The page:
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Technology company IntelliOne successfully financed by Alexander Capital

Atlanta’s IntelliOne Technologies Corp. has raised $14.5 million — money the traffic information company will use to accelerate growth domestically and overseas. IntelliOne’s software zeroes in on cell phones in moving vehicles and measures their speed of movement to map traffic flow and travel times.

In early 2009, IntelliOne will offer location-based services to cell phones, even those without GPS. In addition to driving directions and real-time rerouting, the service will allow subscribers to, for instance, search for the lowest gas price en route, or get notified if friends happen to be nearby.

Real-time traffic information and location-based services delivered by companies like IntelliOne, experts said, will help wireless carriers better compete with Google and Microsoft, which offer similar services via mobile applications. Expanding data offerings is imperative for wireless carriers as advertising gravitates to the ubiquitous cell phone.

Mapping services is a growth market: 7.5 percent of U.S. mobile subscribers accessed mapping services via their phone from March through May 2008, Advertising Age reported. That figure grew 82 percent over the same period last year.

Location-based services can generate multiple revenue streams for wireless carriers, said Lewis Ward, an analyst at Framingham, Mass.-based IDC. The technology, for instance, can enable a retailer to advertise a sale via mobile phone to consumers who happen to be in the neighborhood.

“These sorts of ... technologies help extend the value of what mobile network operators do,” Ward said.

IntelliOne markets its service to wireless carriers, with whom it has revenue-sharing agreements. By December 2009, the company expects to have contracts with carriers in 18 countries, including Germany, India and China.

The company is in talks with AT&T Inc. and T-Mobile USA to roll out traffic and location-based services in the United States, IntelliOneCEO Ronald Herman said. A deal is expected to be done by year’s end, with a nationwide rollout planned within six months of that.

Having inked a contract with Canada’s Rogers Wireless this year, Herman has big ambitions. IntelliOne expects to nearly triple its global workforce to about 120 by the end of next year. Revenues are projected to grow to about $20 million next year, up from $3 million this year. Much of that growth will come from Asia and Europe, Herman said, where mobile phone carriers are more aggressive in offering their customers location-based services.

IntelliOne’s traffic-flow information “could be a killer service in our view because the old adage ‘time is money’ definitely applies here,” Toronto-based Genuity Capital Markets noted in a 2007 report. “How much would you pay for a service that saved you a half-hour of travel time by re-routing you through an intelligent backway to the airport?”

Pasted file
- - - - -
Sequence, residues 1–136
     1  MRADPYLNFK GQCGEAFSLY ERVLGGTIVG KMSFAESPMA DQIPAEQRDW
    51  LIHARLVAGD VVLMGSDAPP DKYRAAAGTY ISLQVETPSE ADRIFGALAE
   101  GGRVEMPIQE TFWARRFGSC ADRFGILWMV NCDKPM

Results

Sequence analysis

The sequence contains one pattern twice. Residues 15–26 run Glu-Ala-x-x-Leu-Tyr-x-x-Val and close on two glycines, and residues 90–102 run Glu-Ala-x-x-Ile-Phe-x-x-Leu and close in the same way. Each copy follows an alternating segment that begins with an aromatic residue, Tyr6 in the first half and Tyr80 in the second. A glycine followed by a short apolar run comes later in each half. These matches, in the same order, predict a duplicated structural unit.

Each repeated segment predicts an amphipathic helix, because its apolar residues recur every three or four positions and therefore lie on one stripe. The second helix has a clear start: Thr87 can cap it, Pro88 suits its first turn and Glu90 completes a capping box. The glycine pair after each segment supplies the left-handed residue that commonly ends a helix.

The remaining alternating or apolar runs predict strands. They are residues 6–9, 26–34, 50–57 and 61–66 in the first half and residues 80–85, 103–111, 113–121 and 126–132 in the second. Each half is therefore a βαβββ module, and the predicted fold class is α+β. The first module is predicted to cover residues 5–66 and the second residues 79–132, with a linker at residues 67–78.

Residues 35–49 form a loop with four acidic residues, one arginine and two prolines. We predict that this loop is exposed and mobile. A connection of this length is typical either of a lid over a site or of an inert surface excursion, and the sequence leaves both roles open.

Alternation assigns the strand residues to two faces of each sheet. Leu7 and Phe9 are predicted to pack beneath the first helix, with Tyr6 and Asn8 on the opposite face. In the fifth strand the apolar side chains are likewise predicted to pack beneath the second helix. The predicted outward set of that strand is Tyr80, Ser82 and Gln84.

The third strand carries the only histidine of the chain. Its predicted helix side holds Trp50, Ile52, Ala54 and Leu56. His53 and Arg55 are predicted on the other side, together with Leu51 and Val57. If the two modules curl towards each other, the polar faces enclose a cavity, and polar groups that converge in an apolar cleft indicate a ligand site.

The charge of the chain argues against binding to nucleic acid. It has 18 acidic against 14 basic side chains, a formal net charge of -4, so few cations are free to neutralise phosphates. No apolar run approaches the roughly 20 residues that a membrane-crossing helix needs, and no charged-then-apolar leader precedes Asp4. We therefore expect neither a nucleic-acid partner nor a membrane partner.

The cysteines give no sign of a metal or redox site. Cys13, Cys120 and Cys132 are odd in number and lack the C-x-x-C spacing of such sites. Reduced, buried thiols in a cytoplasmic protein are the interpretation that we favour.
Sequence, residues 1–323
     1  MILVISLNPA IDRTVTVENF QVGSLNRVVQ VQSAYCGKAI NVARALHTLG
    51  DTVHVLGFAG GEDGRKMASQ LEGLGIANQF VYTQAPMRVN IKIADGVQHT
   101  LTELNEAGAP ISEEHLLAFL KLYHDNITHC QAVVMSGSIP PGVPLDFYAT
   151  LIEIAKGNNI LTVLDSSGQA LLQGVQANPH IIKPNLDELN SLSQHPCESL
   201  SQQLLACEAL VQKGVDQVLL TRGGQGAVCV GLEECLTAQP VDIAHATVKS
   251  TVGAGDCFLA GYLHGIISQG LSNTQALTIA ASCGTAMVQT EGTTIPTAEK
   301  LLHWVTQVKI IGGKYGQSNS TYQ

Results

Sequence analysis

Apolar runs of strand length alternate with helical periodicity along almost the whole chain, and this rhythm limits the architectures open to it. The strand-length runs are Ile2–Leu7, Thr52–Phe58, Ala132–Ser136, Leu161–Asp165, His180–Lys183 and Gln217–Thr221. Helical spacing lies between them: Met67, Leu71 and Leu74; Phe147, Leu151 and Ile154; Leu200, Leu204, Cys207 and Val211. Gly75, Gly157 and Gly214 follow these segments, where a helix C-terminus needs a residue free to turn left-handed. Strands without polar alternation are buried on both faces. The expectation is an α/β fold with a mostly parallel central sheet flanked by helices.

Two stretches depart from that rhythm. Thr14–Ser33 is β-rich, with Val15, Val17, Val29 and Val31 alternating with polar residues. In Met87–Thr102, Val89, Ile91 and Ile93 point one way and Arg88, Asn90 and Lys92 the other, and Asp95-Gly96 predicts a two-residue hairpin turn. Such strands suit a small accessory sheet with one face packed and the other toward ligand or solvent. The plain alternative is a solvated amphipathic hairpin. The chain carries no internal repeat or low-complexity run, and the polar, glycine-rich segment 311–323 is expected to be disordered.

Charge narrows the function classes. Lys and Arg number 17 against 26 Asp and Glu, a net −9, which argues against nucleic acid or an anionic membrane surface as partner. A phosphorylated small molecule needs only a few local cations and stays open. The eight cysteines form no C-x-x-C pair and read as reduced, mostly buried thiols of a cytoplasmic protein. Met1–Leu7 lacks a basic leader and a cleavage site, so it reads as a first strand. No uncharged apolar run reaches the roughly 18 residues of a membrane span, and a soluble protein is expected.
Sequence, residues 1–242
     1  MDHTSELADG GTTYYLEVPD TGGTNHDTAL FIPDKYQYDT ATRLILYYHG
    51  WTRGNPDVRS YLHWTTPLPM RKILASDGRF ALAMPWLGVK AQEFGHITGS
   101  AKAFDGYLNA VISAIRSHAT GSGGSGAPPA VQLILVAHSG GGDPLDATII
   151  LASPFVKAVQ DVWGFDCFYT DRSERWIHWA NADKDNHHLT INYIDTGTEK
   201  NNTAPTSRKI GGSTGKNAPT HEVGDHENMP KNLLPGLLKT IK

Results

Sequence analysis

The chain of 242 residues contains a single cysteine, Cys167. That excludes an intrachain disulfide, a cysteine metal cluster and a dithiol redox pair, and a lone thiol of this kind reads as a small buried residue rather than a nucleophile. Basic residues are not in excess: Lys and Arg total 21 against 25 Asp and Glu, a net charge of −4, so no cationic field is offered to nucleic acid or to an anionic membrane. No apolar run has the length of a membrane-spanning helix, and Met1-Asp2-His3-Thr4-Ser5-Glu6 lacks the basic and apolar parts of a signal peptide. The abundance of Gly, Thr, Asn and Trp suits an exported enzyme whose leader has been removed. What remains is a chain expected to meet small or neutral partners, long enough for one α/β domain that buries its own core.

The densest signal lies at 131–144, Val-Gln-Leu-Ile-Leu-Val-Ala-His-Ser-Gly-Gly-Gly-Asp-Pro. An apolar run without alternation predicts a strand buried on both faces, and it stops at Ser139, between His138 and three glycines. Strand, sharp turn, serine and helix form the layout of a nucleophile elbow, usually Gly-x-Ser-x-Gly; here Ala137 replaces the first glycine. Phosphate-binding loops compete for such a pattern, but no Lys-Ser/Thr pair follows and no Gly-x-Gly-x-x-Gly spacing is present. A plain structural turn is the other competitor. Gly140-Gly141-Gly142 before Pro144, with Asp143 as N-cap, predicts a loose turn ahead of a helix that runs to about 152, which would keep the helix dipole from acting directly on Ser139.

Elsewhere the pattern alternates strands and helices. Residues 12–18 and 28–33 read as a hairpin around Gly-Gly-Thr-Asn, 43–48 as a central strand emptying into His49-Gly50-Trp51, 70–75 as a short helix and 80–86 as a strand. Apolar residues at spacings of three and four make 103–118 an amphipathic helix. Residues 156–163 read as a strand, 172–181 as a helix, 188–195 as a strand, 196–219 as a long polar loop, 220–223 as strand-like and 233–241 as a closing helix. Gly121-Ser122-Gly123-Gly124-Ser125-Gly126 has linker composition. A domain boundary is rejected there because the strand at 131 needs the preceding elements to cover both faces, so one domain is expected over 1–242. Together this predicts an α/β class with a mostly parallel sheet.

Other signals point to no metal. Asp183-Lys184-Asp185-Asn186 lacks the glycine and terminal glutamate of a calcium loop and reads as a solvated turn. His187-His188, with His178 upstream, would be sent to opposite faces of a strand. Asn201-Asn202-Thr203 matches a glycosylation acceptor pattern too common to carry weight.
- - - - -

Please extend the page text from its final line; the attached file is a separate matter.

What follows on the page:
Cell phone-based traffic monitoring is less expensive than traditional monitoring technologies, Herman said. For every $1,000 spent on traditional technologies like cameras, road sensors and aerial surveillance, he said, cell phone-based monitoring costs a penny.

IntelliOne’s ability to deliver real-time traffic data and also match it up with navigation applications and other information services, made the company an attractive investment, said Christopher Payne    , managing partner at Genuity Capital Partners, a Toronto-based private equity firm, that led IntelliOne’s $14.5 million financing round. Genuity Capital Partners is an affiliate of Genuity Capital Markets.

IntelliOne’s service, however, is only as accurate and timely as the number of cell phone network subscribers driving on the roads. The fewer subscribers on a roadway, the less data IntelliOne’s servers have to work with. And while the software can spot gridlock, it can’t tell what’s causing it.

Mapping traffic flow across a wireless carrier’s nationwide network isn’t easy, said Vincent Zappa, vice president of engineering at Atlanta-based AirSage Inc., which collects cell phone data from Sprint Nextel Corp. to map traffic flow and travel times.

IntelliOne must prove its software can crunch the vast amounts of cell phone data generated from a nationwide network accurately and quickly, to map traffic flow effectively, Zappa said.

IntelliOne, whose service is available in a handful of North American and European cities, said it has the infrastructure to process information from 300 million cell phones, at any given time.

IntelliOne Technologies Corp.
Background: The Atlanta-based company uses cell phone signals from moving vehicles to gauge traffic flow and travel times. IntelliOne will soon offer location-based services to cell phones, even those without GPS.
Employees: 45 full-time, including 40 in the United States
Annual revenue: $3 million

Source: IntelliOne Technologies Corp.

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